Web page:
Historical Religious Buildings Tour, Seattle

Historical Religious Buildings Tour (Self Guided), Seattle

Seattle's religious buildings play a very important role in the city's social life. Besides their religious functions, the buildings are an important part of the city's architectural and artistic heritage. This walking tour will lead you to some of the most beautiful religious buildings in Seattle.
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Historical Religious Buildings Tour Map

Guide Name: Historical Religious Buildings Tour
Guide Location: USA » Seattle (See other walking tours in Seattle)
Guide Type: Self-guided Walking Tour (Sightseeing)
# of Attractions: 7
Tour Duration: 2 Hour(s)
Travel Distance: 3.5 Km or 2.2 Miles
Author: doris
Sight(s) Featured in This Guide:
  • Trinity Parish Church
  • St. James Cathedral
  • Seattle First Presbyterian Church
  • Saint Nicholas Russian Orthodox Cathedral
  • First African Methodist Episcopal Church
  • Temple de Hirsch Sinai
  • Immaculate Conception Church
Trinity Parish Church

1) Trinity Parish Church

Trinity Parish Church, Seattle's first Episcopal church, was established on August 13, 1865. The congregation's first church building, which was located at Third Avenue and Jefferson Street, was not erected until 1870. This wooden building was consumed in the Great Fire of 1889. The church then moved to its present site on Eighth Avenue, where a replacement building was constructed, opening in 1892. It was designed by Chicago-based architect Henry F. Starbuck in English Gothic Revival style, and its construction was overseen by Charles A. Alexander. In 1902, a fire swept through the interior, leaving only the exterior walls. Seattle architect John Graham, Sr. was hired to rebuild the church as well as increase its size. Despite the additions, Graham maintained the English Gothic Revival style while adding German stained glass windows and an altar of Italian marble.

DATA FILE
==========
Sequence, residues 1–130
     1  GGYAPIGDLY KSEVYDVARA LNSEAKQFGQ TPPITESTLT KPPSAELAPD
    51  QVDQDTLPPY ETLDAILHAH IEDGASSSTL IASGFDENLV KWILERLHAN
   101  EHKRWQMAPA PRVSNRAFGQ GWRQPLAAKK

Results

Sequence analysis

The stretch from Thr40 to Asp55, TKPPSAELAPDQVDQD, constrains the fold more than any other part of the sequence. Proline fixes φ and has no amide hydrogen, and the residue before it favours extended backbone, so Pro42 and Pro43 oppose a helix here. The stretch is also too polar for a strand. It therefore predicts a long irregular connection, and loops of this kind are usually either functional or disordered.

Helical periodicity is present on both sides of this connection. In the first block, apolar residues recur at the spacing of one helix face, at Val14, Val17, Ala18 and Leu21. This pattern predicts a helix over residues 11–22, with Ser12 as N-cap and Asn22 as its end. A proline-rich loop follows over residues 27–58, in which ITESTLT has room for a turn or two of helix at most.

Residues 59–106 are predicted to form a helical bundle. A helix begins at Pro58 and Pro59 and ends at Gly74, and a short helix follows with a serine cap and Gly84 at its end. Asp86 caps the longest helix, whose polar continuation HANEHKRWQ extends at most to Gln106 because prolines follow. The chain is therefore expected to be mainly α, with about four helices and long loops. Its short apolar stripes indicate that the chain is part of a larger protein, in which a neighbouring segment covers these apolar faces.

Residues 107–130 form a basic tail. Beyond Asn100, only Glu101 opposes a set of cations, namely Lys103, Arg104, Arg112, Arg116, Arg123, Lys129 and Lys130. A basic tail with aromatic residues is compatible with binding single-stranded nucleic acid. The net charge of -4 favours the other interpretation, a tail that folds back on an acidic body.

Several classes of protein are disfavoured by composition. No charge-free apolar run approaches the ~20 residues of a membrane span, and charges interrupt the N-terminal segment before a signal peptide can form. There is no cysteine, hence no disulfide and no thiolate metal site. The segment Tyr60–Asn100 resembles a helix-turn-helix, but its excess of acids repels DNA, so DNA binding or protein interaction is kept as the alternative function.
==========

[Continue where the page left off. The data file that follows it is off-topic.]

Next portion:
The stained glass windows were designed by the Franz Mayer & Co. of Munich, Germany. The Carrara marble altar was designed and fabricated in Italy with mother of pearl, ceramic tile and Venetian gold glass.

The church building was designated a Seattle Landmark in 1976 and has also received state landmark status. It was added to the U.S. National Register of Historic Places, in 1991.
Sight description based on Wikipedia.
St. James Cathedral

2) St. James Cathedral

The mother church of the Archdiocese of Seattle, the St. James Cathedral is a Roman Catholic Church and the seat of the Archbishop of Seattle. Located in the First Hill neighborhood of Seattle, the church, in the name of St. James the Greater, the patron Saint of the archdiocese, is the third St. James Cathedral to be the seat of the archbishop.

The construction began in 1905 and the cathedral was dedicated in 1907. Major artwork at St. James Cathedral include an extensive collection of stained glass by Charles Connick, installed in 1917-1920, during the rebuilding of the cathedral following the collapse of the dome. In 1994, three new windows were added, the work of Hans Gottfried von Stockhausen, a noted German stained-glass artist, who has served on the faculty of the Pilchuck School. In 1999, ceremonial bronze doors were added, the work of German sculptor Ulrich Henn. A bronze tabernacle by the same artist was installed in 2003. Henn's only other works in the United States are the bronze gates at the National Cathedral in Washington, D.C. St. James Cathedral is also home to an altarpiece by Florentine artist Neri di Bicci, dating to 1456. It represents the Madonna and Child surrounded by six saints.

In 1984 the City Council declared the cathedral as a City Landmark. Visitors are welcome to view the artistic treasures of the Cathedral by going on the tours that are conducted every Wednesday.
Seattle First Presbyterian Church

3) Seattle First Presbyterian Church

The First Presbyterian Church of Seattle was organized on December 12, 1869, by Dr. George F. Whitworth who also served as the third president of the University of Washington. Dr. Whitworth was a preacher who had come to the frontier Puget Sound area by wagon train and canoe in 1853. Initially the church had seven charter members, six women and one man.

The new congregation gained members quickly and by the turn of the century its membership grew to almost 500. The current building was built in 1907. This historic urban church features a beautiful architecture. The Seattle First Presbyterian Church is one of the largest Presbyterian Churches in the US.
Saint Nicholas Russian Orthodox Cathedral

4) Saint Nicholas Russian Orthodox Cathedral

This City Landmark in Seattle is located at 1714, 13th Avenue. The cathedral is built in the traditional vibrantly colored Russian Orthodox Church architectural style.